Fumbling the Interpretation: Statistical Models and the Super Bowl

Predictionmachine.com generated a statistical model for the 2013 Super Bowl that reports a 67% probability of the 49ers winning. The probability of this outcome is different than predicting that the 49ers in fact will win. Yet such simplistic, and incorrect, interpretations are common to  Monte Carlo style models (the type of model run by Predictionmachine.com). For instance, CBS Philly, reporting on the model, comments: “This particular computer model has predicted the correct winner of seven of the last nine Super Bowls.”

Yet the Monte Carlo simulations do not predict winners. They merely report the probabilities of possible outcomes. For illustration, it’s possible that a model gives a 50% chance of one team winning and a 50% chance the other team wins. With such an outcome, it is obvious that the model is not predicting a winner.  And it is not predicting a tie.  It is merely assigning probabilities to possible outcomes.

Suppose the Ravens clobber the 49ers this Sunday. Predictionmachine.com’s model could nevertheless be perfectly valid even though it assigns a 67% chance that the 49ers win. This is because such a clobbering is possible and assigned positive probability by the model.

All this is important to remember because people frequently latch onto the average outcome as if it is the predicted outcome. In fact, the actual occurrence of an average outcome could be extremely unlikely. For instance, the average outcome in the Predictionmachine model (as reported by CBS Philly) is as follows:

The 49ers beat the Ravens, 28.6 to 21.3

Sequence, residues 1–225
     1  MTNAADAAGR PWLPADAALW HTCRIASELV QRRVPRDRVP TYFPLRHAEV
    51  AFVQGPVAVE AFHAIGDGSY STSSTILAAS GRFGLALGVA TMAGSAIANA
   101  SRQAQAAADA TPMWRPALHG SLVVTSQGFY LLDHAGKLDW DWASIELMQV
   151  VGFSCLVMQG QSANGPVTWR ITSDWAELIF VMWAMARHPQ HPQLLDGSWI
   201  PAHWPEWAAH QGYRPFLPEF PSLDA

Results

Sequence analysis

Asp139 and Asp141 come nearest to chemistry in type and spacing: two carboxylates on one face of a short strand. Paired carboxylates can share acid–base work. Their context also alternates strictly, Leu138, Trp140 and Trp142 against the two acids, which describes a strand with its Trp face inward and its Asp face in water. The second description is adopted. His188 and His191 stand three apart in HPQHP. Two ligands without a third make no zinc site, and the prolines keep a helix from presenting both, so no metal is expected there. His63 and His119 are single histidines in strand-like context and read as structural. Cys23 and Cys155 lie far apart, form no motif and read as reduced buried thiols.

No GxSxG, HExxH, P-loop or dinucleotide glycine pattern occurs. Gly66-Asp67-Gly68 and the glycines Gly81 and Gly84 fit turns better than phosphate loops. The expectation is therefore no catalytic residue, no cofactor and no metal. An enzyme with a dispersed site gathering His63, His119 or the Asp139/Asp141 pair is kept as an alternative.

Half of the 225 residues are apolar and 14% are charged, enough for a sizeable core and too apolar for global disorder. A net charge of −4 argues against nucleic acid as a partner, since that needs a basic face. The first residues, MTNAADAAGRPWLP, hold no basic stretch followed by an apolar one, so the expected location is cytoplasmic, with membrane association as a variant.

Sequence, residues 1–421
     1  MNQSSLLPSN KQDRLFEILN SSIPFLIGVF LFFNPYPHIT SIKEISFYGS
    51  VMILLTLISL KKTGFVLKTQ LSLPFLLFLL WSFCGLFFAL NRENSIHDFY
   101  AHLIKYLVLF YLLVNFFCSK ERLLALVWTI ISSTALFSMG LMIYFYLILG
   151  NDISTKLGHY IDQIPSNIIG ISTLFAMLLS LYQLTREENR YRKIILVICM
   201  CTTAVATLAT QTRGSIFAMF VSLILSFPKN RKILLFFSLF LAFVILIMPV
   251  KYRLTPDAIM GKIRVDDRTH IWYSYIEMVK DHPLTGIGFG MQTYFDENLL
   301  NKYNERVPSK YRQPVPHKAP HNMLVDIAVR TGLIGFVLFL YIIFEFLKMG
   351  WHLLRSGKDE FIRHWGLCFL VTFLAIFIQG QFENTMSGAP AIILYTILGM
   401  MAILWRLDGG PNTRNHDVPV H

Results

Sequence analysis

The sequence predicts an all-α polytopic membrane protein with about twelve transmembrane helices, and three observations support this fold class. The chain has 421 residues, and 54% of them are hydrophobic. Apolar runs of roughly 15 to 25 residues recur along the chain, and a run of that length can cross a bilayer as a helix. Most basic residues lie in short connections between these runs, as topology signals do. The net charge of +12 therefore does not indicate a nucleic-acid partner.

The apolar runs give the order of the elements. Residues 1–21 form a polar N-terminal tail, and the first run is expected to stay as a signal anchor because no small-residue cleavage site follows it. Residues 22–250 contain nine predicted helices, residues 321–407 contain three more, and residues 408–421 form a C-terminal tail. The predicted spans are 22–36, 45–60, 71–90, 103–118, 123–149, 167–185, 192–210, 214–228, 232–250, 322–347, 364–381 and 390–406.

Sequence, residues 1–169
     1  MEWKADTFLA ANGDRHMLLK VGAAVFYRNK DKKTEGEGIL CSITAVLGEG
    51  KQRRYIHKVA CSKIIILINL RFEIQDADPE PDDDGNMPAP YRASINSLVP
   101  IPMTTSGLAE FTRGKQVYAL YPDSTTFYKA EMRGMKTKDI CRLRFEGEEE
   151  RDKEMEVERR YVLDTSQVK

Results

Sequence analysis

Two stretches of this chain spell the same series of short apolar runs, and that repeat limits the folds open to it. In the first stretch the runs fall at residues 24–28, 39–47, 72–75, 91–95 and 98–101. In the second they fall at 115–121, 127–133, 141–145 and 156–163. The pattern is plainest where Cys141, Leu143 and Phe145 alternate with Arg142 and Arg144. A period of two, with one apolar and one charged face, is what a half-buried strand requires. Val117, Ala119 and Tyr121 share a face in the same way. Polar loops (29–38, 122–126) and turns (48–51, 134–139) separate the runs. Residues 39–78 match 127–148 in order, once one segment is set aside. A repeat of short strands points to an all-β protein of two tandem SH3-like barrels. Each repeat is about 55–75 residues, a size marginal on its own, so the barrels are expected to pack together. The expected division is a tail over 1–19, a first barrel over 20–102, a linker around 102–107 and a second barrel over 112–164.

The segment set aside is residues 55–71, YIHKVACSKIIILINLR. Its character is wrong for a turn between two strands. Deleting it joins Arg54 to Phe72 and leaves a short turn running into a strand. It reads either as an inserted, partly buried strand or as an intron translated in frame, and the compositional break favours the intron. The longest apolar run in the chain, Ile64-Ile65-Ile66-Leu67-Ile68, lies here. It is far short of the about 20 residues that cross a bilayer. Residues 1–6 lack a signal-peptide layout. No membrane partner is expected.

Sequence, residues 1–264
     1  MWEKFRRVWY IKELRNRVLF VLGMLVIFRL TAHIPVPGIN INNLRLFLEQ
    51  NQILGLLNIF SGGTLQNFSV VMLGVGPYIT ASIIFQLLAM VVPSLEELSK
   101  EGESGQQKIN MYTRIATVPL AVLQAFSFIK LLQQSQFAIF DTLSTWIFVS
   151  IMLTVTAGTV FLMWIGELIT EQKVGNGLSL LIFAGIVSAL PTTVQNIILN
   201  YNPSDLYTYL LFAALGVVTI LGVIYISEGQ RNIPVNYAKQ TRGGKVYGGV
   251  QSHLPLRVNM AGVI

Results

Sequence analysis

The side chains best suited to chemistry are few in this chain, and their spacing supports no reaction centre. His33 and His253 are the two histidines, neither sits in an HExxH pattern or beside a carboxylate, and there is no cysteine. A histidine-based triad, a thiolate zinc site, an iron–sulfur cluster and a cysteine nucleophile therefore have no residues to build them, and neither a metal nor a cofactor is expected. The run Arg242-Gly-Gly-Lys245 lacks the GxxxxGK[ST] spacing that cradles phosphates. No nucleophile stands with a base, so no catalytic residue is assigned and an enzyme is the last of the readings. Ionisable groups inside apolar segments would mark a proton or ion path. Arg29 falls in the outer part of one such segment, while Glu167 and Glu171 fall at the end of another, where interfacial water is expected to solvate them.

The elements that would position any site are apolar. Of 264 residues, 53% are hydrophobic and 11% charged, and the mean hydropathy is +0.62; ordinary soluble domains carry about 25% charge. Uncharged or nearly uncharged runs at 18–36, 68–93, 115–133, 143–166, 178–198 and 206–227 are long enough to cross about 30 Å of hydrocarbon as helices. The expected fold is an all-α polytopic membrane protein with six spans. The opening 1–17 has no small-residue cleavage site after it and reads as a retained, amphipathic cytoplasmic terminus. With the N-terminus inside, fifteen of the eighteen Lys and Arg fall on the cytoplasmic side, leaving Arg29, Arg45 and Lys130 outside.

Joe Flacco (Ravens QB): 20.9 of 35.3 passes, 1.3 touchdowns and 0.8 interceptions
Colin Kaepernick (49ers QB): 17.2 of 28.8 passes, 1.6 tochdowns, 0.8 interceptions

Even though this is the average outcome, the probability of precisely this outcome is extremely small or, for that matter, entirely impossible since no one ever has 0.8 interceptions or scores 28.6 points. Even if rounded numbers are used (e.g. final score: 29 to 21), the likelihood of precisely that outcome remains extremely small.  The simulation is most useful when interpreted as a range of possible outcomes with assigned probabilities, not when interpreted as a prediction.  Of course, Predictionmachine.com’s name does not help matters.

In terms of financial modeling and financial planning, clients need to be careful with their interpretation of statistical models. View the simulation in terms of what could happen, together with the probability of that occurrence, and not as a prediction of what actually will happen. For instance, a Monte Carlo simulation of a retirement portfolio might assign a 67% probability the portfolio and investment strategy will work. Are you comfortable with a 33% chance that your retirement strategy will not work (i.e. spending needs will surpass available wealth)? Probably not. Instead consider what is the probability of financial ruin as simulated by the model and whether you are willing to accept a strategy that has that probability.